Connecticut Education Committee Fails to Take Up Parental Informed Consent Bill. Parental rights are ignored, with no public hearing in sightPrint This Post
National Vice President
Hartford, Connecticut Legislative Education Committee failed to act on a parental informed consent bill that would ensure that parents receive full informed consent prior to any psychiatric testing being done on their children in public schools. This bill HB #5328 was written to safeguard parental rights and would have ensured that each parent be provided with certain regulations and amendments, informing them of their basic right to “opt out” of psychiatric testing for their children through state public schools. Connecticut was a frontrunner in protecting parental rights, by being the first state to pass a law to prohibit schools from recommending psychotropic drugs to parents for their children. This first state law prompted several other states to take similar action in response to a parental outcry, in which reports by parents of schools coercing them to place their children on psychotropic drugs (e.g. Ritalin) to remain in school became all too common. The states’ response and chain reaction, in turn, led to similar Federal legislation, “The Prohibition on Mandatory Medication Amendment,” signed into law by the President December 3, 2004.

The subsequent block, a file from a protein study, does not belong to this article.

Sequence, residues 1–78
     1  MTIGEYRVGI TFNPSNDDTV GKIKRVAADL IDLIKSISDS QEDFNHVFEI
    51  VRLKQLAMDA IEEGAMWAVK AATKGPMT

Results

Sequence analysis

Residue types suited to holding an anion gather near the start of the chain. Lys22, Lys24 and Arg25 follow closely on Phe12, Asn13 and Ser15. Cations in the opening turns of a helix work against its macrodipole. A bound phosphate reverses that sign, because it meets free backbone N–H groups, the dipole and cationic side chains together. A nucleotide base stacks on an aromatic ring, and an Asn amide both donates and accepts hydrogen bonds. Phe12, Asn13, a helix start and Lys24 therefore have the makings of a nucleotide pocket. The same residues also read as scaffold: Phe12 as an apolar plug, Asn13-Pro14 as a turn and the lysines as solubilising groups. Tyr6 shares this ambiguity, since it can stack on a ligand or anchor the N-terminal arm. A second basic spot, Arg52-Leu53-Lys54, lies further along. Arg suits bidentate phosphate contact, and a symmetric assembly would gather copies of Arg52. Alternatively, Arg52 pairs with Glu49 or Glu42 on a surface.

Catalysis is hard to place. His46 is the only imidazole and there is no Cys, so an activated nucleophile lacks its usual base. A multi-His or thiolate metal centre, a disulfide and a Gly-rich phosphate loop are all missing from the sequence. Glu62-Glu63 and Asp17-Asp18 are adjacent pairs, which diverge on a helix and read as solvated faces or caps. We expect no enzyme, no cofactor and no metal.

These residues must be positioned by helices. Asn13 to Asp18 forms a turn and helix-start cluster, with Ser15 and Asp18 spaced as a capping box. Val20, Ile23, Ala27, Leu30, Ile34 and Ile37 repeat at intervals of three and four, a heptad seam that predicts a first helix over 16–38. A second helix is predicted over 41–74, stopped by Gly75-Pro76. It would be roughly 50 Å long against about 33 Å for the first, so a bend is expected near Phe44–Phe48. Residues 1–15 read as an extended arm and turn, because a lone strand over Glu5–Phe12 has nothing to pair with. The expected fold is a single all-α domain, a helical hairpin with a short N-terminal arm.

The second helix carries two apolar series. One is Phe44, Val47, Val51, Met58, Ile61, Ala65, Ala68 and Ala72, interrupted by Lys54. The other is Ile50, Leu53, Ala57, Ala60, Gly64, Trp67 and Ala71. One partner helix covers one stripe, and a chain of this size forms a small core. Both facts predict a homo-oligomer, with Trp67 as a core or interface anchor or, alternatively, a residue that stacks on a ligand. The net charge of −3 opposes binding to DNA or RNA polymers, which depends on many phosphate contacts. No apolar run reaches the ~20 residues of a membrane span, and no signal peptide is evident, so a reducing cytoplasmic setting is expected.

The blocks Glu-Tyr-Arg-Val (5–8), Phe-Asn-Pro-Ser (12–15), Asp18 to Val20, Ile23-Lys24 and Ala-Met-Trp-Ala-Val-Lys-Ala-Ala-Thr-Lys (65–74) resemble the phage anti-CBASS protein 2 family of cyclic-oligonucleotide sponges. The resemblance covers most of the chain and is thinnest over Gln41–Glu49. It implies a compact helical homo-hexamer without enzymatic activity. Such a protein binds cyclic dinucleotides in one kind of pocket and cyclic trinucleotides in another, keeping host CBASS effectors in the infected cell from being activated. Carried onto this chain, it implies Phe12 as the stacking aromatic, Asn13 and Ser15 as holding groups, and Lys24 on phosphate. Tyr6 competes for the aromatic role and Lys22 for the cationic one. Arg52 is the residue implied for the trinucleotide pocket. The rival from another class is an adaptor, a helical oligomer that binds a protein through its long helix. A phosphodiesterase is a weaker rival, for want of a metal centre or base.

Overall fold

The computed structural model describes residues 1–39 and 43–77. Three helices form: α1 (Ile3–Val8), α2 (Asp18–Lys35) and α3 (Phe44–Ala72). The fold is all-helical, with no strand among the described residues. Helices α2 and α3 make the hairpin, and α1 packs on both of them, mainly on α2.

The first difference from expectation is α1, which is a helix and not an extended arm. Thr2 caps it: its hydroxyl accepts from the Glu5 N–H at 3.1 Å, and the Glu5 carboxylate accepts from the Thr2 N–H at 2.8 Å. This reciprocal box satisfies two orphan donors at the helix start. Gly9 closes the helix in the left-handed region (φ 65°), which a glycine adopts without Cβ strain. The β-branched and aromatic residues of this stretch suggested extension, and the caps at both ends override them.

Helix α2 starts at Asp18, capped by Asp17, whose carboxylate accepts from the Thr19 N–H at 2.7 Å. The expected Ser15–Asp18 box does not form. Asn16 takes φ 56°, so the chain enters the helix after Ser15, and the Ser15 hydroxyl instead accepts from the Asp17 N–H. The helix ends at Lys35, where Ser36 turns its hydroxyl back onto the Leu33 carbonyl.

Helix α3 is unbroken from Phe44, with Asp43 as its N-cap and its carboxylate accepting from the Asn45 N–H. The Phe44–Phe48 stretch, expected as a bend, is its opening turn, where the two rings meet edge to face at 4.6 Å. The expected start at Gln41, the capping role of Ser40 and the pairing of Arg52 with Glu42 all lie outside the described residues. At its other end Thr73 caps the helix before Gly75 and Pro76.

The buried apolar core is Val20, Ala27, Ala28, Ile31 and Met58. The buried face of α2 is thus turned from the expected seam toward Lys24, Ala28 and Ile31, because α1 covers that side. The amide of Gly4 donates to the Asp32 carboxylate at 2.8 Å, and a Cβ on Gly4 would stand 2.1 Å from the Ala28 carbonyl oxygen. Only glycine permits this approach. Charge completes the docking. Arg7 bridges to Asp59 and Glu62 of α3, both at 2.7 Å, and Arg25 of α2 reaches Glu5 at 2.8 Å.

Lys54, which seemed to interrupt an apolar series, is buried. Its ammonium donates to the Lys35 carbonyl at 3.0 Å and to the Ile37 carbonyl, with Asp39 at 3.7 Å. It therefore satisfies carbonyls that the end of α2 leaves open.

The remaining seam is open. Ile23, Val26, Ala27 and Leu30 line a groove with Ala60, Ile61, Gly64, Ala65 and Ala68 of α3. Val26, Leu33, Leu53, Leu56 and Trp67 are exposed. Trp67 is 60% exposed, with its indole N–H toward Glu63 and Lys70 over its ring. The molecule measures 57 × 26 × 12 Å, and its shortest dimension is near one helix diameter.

This informed consent bill comes on the heels of many disturbing occurrences, which have brought the issue of labeling and “medicating” children national attention. Just last year the FDA launched two sets of hearings into the safety and efficacy of antidepressants in children. In response to these hearings a massive Federal Congressional hearing was convened on this same matter, as well as, to review the FDA’s lack of accountability and financial conflicts of interest. More recent events show Health Canada suspending its marketing of Adderall XR, a psychotropic drug and stimulant used in the “treatment” of ADHD, due to related deaths.
In the wake of so much turmoil and grave concerns, an informed consent bill, looks like a safety net where there is none. The bottom line is that parents cannot make educated decisions without being provided with all the facts. Today, schools continue to profile children for mental disorders like ADHD by using subjective checklists, rating scales, or assessments, not even endorsed or approved by local, state or federal government. Parents are not being told this. These same subjective psychiatric assessments for ADHD were removed from the state of Neuvo Leon in Mexico last year by the Secretary of Education herself, due to their subjective and unscientific nature.
The culmination of events questioning the safety and efficacy of behavior modifying drugs on children, and the subjective assessments used in psychiatric diagnoses, should not be discounted. Everyone needs to be asking why the state’s education committee blatantly has turned a blind eye to parental rights, and has disregarded widespread concerns without providing for a hearing on this matter.
More pointedly, we should be asking why America , or her states, is not ensuring parental rights and protecting children’s health and safety.
For more information on ADHD, informed consent, and mental health within education please visit our site at www.ablechild.org.